Photo by Brian Giandelone
The dramatic magnificence of the abbey church provides the perfect backdrop for the upcoming medieval telling of the Christmas story by Atlanta's Camerata Theatre in their production of "The Play of Herod," which takes stage next weekend at the Monastery of the Holy Spirit.
One of the longest-running Christmas traditions in Atlanta, "The Play of Herod" has entertained audiences since its debut in 1974 and will offer a unique holiday experience for the Conyers area during its performance at 7 p.m. Dec. 13.
It will be a "magical evening," according to the monastery's Brother Callistus, as the production combines two 12th century manuscripts from the Benedictine monastery of St. Benoit-sur-Loire near Fleury. "The Play of Herod" is a liturgical music-drama, thought to be the earliest form of medieval drama and taken from the manuscripts found in the Benedictine monastery in France where it is believed to be among the earliest dramatic works in the Christian era.
"The Play of Herod" is taken from two works found in "The Fleury Playbook," which is part of a composite volume of sermons, biblical texts, liturgical dramas and hymns now in the Municipal Library of Orleans in central France. This collection of 10 religious plays is named after the Roman town of Fleury, which is now known as St. Benoit-sur-Loire and where it was kept at the Abbey of St. Benoit until the dispersal of much of the monastic library during the anticlerical aftermath of the French Revolution.
All the plays are set to music reminiscent of the plainsong of the liturgy from which these plays most likely evolved. The plays were first probably performed in the church by the clergy and choir. It is thought this manuscript was compiled around 1200 A.D. and the repertoire of the playbook is often called medieval opera.
The Atlanta Camerata production combines two plays, "The Play of Herod" and "The Slaying of the Innocents" with the score prepared by Noah Greenberg in 1963 for the New York Pro Musica. It has been edited by Kevin Culver.
The 2009 cast is led by Butch Spivey as King Herod. A U.S. administrative law judge, Spivey has performed the title role in "The Play of King Herod" since it began in 1974. He has appeared locally with the Atlanta Symphony, the Atlanta Ballet, Georgia Opera and Shoestring Opera and has performed across the U.S., Europe, Asia and Mexico. A Vietnam War veteran, Spivey directed choirs in Vietnam and Fort Bragg, N.C., while serving in the Army Medical Service Corps.
James Robinson will perform the role of Herod's son and David Johnson is the archangel. Other area actors portray the magi, shepherds, midwives, Herod's court, angels and innocents, and Mary and Joseph. The play is accompanied by a number of period-appropriate instruments with a quartet of musicians led by Culver on percussion. "Herod's" director since the play's Atlanta debut in 1974 is Kelly Morris.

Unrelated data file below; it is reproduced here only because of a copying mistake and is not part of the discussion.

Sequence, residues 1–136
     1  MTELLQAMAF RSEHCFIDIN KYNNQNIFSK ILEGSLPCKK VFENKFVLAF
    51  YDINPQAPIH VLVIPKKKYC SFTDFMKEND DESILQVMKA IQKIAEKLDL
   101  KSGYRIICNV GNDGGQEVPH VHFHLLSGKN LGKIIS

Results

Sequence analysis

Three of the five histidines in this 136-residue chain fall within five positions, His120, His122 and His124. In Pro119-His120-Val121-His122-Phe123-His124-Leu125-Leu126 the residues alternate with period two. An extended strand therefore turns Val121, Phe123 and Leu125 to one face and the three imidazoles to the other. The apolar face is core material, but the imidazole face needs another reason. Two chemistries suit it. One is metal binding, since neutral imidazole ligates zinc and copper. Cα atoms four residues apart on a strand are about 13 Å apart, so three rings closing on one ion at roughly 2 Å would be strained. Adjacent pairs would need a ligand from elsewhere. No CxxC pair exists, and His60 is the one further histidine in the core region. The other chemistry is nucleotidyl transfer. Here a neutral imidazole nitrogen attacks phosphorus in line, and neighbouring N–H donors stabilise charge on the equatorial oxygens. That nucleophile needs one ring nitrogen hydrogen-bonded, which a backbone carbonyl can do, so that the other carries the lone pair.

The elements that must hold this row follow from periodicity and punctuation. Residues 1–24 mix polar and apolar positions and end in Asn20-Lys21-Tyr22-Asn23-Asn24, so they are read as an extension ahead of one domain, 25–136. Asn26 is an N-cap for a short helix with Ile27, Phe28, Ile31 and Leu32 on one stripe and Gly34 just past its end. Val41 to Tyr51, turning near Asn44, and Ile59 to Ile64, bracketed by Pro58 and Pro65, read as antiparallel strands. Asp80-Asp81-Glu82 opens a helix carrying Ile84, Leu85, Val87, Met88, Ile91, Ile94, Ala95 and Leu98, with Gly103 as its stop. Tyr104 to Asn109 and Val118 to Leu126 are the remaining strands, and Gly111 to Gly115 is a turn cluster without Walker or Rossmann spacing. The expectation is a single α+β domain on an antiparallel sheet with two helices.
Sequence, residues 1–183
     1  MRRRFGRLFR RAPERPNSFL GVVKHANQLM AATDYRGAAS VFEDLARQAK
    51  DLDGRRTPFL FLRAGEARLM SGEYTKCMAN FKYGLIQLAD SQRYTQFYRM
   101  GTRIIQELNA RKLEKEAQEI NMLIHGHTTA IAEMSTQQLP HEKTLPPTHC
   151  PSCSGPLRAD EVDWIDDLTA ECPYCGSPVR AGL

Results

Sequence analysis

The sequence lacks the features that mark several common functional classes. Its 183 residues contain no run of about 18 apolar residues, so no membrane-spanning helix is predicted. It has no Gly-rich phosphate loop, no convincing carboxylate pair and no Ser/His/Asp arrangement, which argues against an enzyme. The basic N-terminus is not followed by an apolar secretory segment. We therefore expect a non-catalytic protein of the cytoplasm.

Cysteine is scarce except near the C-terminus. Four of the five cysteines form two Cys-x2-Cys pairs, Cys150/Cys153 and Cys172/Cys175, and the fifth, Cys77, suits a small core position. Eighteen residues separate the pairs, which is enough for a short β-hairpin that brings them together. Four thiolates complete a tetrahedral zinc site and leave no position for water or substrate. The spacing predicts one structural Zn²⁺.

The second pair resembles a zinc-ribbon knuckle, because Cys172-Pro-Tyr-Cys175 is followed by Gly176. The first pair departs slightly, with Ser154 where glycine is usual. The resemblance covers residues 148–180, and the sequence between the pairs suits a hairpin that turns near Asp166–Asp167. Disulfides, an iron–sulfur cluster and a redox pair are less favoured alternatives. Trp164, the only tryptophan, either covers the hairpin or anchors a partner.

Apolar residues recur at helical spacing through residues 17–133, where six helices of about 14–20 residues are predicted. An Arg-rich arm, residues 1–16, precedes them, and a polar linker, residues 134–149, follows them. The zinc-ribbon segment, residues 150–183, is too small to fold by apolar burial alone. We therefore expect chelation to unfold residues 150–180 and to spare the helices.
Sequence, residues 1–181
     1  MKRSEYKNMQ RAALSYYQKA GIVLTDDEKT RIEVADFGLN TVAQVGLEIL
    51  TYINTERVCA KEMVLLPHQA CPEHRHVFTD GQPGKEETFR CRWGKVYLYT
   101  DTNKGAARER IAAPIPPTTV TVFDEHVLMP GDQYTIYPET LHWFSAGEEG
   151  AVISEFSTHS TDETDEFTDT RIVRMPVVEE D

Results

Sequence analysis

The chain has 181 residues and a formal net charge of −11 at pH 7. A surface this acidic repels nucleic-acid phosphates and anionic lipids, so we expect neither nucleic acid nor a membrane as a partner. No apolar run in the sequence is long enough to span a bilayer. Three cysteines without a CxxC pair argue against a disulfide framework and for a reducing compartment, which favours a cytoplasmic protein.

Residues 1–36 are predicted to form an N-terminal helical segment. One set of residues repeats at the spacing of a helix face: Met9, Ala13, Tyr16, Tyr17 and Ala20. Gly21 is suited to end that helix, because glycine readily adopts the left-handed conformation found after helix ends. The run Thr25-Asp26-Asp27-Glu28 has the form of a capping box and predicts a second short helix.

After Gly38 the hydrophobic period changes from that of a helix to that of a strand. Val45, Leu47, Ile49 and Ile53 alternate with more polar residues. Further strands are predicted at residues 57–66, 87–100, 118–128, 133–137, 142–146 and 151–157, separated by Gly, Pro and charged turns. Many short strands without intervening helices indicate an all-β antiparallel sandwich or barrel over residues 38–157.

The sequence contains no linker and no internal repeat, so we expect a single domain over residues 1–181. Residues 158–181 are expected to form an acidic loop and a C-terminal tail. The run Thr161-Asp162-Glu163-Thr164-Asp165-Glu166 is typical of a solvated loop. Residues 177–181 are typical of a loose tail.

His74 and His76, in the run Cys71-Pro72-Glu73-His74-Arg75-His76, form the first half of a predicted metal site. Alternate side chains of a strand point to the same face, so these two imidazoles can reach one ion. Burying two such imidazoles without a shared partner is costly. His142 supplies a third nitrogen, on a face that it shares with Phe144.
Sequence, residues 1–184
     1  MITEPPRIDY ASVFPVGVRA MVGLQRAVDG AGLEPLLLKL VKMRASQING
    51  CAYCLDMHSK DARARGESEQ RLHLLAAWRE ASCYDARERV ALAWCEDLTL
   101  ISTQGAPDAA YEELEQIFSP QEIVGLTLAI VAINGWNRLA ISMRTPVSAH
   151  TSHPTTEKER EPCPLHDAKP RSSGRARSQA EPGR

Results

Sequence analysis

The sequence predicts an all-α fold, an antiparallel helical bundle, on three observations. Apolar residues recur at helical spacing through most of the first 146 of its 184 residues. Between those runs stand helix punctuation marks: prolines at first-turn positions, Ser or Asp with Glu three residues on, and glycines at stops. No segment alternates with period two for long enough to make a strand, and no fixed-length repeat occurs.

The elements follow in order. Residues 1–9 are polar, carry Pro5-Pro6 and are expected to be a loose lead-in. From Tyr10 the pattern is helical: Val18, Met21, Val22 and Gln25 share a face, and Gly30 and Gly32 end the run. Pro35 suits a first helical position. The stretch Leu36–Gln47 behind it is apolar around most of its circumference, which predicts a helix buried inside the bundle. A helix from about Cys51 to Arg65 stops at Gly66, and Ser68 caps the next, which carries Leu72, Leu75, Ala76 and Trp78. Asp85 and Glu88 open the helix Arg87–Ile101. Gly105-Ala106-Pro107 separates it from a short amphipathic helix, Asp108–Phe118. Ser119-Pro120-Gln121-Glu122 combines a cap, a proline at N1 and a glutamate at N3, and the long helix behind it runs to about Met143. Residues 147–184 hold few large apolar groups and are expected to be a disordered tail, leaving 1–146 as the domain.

"The Play of Herod," which was performed at the monastery in the 1980s, will return for the first time since the production was revived in 2004.
"This will be our first time back at the monastery since we began again," Morris said. "The music always seems like it's coming home when we are at the monastery. It has the kind of acoustic space the music was meant for."
Morris, who founded Kelly's Seed & Feed Theatre in a warehouse near Atlanta City Hall in 1973, mostly produced contemporary comic plays of "epic scale," he said, using the works of Sam Shepard, Paul Foster, Ken Bernard and the group's own playwright, Tom Cullen.
Morris said he wanted to do something special for Christmas in 1974. The woman who was leading the group's chorus suggested "The Play of Herod" and let Morris borrow her records of Noah Greenberg's New York Pro Musica production from 1964. Morris said response to the first performance of "The Play of Herod" in Atlanta was "wonderful" and the play became a Christmas tradition, even after Kelly's Seed & Feed Theatre closed in 1979.
The play continued each December at Nexus Theater and then at Trinity United Methodist Church where it completed its first quarter-century run to regularly sold-out performances.
Morris said the 1999 production was going to be the last. Many performers had been with the production for 20 years. They all took a break and in 2004, Culver, the music director and Morris decided to revive the production. Now a new generation is treated to the unique play, which Morris says offers a "different world, a legend, a dream."
With an extensive resume as a director, singer and theater president, Morris has also been head of publications for the High Museum of Art in Atlanta since 1976. Culver, the music director for "The Play of Herod," is the choir master of the Cathedral of Christ the King in Atlanta. In 1976, he co-founded the Atlanta Singers, which he led for 15 years. In 2003, Culver co-created the Archdiocesan Festival Choir of Atlanta.
In the Atlanta Camerata Theatre production, the world of Herod is "dreamlike, shadowy and stark." The Christmas story unfolds in a "medieval ceremony of simple gestures and ancient, haunting melodies." "The Play of Herod" is sung in Latin with English translations projected above the action.
Reservations for "The Play of Herod" are required and tickets may be ordered at www.tappist.net, at the abbey gift store or by calling 800-592-5203. General admission tickets are $20 and proceeds will benefit the monastery's food bank. The audience is invited to join the cast for a reception following the play. Due to the nature of the play, there will be no late seating.